SABA:--- A delegation of the Saba Island Council had a meeting with the management of the Maduro & Curiel’s Bank (MCB) in Curaçao earlier this week to discuss banking services in Saba and the challenges for Saba clients as a result of the transition from the Windward Islands Bank (WIB) to the MCB.
Island Council Members Vito Charles and Carl Buncamper, accompanied by Island Council Registrar Akilah Levenstone on Monday, November 21 met with three MCB managing directors and an assistant managing director.
One of the most notable outcomes of this meeting was the pledge of the MCB management to look at the options to reestablish some form of the bank’s presence on Saba. A permanent branch is not very likely, the Island Council delegation was told, but other formats are being considered such as a pop-up or a storefront concept whereby Saba clients would still be able to get service from a physically present MCB employee.
According to Council Member Charles, MCB’s management acknowledged that there were hiccups in the transition from WIB to MCB on Saba. “The bank received many phone calls in the process and it really opened their eyes as to how loyal Sabans have been as clients. Because of this loyalty, MCB is looking at how to best serve Saba customers in the future. They will shortly take a decision to re-establish the bank’s presence in Saba. They acknowledged that this is something that should be done,” said Charles.
“The bank underestimated that people stayed when they left Saba in 2018. The bank is reevaluating its departure from Saba and looking at how they could reestablish their presence,” said Council Member Buncamper. The Island Council delegation was told that the MCB was working diligently to mitigate the problems with the transition.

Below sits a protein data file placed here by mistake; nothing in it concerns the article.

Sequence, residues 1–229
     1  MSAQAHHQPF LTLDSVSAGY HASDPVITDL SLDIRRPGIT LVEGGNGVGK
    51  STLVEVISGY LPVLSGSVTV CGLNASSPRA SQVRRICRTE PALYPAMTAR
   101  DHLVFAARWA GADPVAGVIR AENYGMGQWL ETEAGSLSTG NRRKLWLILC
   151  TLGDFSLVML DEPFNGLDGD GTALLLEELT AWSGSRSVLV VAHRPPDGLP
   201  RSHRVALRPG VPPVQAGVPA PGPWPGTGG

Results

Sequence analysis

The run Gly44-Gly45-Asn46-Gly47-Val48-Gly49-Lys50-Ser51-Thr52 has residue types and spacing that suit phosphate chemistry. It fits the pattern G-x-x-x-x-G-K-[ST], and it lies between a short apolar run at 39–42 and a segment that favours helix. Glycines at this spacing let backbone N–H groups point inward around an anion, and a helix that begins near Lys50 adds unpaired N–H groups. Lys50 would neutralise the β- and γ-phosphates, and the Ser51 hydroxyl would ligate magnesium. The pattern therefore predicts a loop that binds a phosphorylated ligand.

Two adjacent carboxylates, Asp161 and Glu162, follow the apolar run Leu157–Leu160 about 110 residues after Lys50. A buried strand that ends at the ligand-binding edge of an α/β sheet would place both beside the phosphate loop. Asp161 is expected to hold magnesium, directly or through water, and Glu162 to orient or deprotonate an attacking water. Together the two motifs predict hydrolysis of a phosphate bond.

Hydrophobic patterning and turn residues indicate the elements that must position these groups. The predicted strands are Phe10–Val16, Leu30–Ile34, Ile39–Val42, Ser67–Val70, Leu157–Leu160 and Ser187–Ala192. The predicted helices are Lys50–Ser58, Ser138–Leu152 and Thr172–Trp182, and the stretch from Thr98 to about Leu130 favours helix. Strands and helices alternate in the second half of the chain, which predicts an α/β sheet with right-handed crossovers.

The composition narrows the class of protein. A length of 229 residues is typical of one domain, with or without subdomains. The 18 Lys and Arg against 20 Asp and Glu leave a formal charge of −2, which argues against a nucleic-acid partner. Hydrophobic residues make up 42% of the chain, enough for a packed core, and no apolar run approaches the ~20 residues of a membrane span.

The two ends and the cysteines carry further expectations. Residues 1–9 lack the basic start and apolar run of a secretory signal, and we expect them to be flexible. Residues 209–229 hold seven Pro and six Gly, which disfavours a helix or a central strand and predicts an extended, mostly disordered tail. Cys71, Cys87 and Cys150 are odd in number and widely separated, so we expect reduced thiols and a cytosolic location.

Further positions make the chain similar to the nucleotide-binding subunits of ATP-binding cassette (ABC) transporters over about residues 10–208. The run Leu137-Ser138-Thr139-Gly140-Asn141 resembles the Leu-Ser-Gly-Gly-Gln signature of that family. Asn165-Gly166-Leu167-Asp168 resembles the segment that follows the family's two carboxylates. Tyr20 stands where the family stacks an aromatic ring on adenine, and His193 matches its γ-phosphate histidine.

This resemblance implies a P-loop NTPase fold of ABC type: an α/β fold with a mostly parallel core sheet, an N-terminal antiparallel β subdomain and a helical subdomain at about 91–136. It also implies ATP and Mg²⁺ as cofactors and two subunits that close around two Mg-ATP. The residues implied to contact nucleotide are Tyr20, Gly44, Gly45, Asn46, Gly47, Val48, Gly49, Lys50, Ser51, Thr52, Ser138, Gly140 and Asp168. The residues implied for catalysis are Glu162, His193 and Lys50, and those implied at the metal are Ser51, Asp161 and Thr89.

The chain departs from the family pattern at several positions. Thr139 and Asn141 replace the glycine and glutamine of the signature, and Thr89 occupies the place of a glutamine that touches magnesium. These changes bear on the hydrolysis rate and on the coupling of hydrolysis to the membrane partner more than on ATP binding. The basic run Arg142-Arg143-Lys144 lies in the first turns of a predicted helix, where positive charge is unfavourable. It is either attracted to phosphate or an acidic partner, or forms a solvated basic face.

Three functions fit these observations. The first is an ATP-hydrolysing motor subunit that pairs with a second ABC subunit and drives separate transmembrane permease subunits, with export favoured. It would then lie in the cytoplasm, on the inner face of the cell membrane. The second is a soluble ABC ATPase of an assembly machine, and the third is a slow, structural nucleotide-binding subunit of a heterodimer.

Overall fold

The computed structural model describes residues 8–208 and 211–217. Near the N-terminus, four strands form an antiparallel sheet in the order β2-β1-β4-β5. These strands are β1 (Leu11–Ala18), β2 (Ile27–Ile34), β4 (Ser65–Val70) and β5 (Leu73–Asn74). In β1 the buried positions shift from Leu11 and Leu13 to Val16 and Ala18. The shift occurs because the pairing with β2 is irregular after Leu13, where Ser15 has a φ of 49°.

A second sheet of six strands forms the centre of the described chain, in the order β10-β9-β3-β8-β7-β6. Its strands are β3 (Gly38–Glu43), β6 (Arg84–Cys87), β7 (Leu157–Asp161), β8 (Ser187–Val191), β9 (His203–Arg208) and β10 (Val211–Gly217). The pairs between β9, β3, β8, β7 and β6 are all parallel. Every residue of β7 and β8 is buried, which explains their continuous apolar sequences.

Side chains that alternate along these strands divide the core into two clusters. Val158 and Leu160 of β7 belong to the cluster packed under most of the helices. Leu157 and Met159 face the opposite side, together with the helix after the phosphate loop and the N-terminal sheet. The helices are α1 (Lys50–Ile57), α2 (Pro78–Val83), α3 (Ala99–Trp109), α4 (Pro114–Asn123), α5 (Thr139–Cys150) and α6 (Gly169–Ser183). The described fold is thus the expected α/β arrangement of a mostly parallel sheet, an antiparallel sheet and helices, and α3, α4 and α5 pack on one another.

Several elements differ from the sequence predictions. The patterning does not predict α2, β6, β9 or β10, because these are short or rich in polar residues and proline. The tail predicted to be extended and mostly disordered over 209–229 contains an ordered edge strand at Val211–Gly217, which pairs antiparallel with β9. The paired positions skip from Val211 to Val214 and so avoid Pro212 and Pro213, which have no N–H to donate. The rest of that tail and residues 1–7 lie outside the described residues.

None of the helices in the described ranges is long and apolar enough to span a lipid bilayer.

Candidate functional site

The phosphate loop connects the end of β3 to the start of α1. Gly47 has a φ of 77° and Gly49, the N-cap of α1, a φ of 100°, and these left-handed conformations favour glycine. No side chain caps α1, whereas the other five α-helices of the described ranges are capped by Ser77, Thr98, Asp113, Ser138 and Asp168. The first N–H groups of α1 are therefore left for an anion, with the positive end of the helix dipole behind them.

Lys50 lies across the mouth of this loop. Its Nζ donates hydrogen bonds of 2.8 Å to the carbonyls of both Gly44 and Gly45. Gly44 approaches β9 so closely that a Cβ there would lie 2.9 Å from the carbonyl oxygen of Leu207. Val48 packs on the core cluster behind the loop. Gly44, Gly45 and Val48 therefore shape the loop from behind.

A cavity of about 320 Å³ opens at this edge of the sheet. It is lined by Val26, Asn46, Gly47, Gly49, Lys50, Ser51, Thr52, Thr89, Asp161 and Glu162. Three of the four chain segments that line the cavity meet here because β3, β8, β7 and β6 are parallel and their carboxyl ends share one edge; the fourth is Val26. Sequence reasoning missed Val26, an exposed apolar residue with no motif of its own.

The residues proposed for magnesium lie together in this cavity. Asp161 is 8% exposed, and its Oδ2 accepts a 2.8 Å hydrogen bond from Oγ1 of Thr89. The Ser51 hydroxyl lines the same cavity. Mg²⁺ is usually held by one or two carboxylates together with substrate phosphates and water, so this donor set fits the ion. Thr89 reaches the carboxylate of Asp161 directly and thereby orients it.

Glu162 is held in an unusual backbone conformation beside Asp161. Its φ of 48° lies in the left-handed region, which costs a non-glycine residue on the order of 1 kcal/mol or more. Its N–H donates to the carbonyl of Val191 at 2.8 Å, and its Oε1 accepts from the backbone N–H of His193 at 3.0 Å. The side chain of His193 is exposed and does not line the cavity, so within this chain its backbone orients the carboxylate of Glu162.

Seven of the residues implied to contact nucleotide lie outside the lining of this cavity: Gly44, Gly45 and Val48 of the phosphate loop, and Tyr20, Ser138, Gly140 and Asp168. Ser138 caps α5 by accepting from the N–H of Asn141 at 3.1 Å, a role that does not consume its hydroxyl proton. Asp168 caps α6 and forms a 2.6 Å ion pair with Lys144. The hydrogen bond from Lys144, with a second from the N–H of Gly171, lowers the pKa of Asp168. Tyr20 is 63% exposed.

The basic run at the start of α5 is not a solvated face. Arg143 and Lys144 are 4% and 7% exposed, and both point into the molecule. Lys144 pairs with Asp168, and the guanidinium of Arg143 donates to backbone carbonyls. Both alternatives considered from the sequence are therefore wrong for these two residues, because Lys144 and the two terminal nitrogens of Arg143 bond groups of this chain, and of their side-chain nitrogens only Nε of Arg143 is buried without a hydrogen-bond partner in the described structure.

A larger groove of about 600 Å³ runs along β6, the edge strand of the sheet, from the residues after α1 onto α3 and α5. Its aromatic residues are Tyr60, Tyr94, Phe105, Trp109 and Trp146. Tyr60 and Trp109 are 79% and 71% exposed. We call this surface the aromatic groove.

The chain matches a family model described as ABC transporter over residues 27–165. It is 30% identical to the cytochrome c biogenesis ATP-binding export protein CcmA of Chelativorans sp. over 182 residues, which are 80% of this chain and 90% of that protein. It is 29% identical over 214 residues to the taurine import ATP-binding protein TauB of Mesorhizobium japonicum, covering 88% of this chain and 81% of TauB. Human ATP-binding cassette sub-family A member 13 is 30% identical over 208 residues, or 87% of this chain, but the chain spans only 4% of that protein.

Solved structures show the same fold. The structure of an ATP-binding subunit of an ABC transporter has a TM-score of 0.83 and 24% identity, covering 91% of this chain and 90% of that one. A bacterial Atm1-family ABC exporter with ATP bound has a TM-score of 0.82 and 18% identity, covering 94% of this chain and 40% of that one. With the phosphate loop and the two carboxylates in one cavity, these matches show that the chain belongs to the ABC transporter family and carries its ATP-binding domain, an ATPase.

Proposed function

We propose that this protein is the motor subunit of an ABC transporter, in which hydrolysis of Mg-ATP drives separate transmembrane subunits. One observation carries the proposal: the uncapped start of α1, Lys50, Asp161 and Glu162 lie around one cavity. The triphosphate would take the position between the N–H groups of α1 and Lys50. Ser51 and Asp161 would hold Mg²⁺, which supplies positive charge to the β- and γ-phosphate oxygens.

The problems to deposit cash, the issues in general that Saba customers face, and the difficulty to get service on Saba were also discussed in the meeting with MCB management. “We also brought up the matter of the ATM which is down a lot. This limits the access to cash and complicates doing business on the island,” said Charles.
Another matter that came up was the hassle for customers when transferring funds between banks. MCB management explained that the difficulties with instant transfers were not necessarily a problem with the MCB, but with another financial institution that still has to implement instant banking at their end.
The lack of (affordable) mortgages was also discussed, as well as the introduction of modern technology to facilitate easier payments and to make it possible for customers to receive cash back at the store. “We emphasized the need for better and modern banking services. And, we hope that online services will expand and improve,” said Buncamper.
The Saba delegation invited MCB to come to the island to meet with their clients to discuss the issues, to exchange views and ideas, and to talk about the bank’s plans. “People remained with the bank after its departure and this loyalty needs to be rewarded. People need to be able to have trust in the institution that guards their money and to have regular contact,” said Charles.
The Council Members said it was important to have met MCB’s management. “We are moving forward with this. I remain optimistic. We have to keep on it, because this is important for the Saba people,” said Buncamper. “It was important to meet with them to discuss the developments and to share what the people and businesses have told us. Financial institutions have a very important role and they have to take that seriously,” said Charles.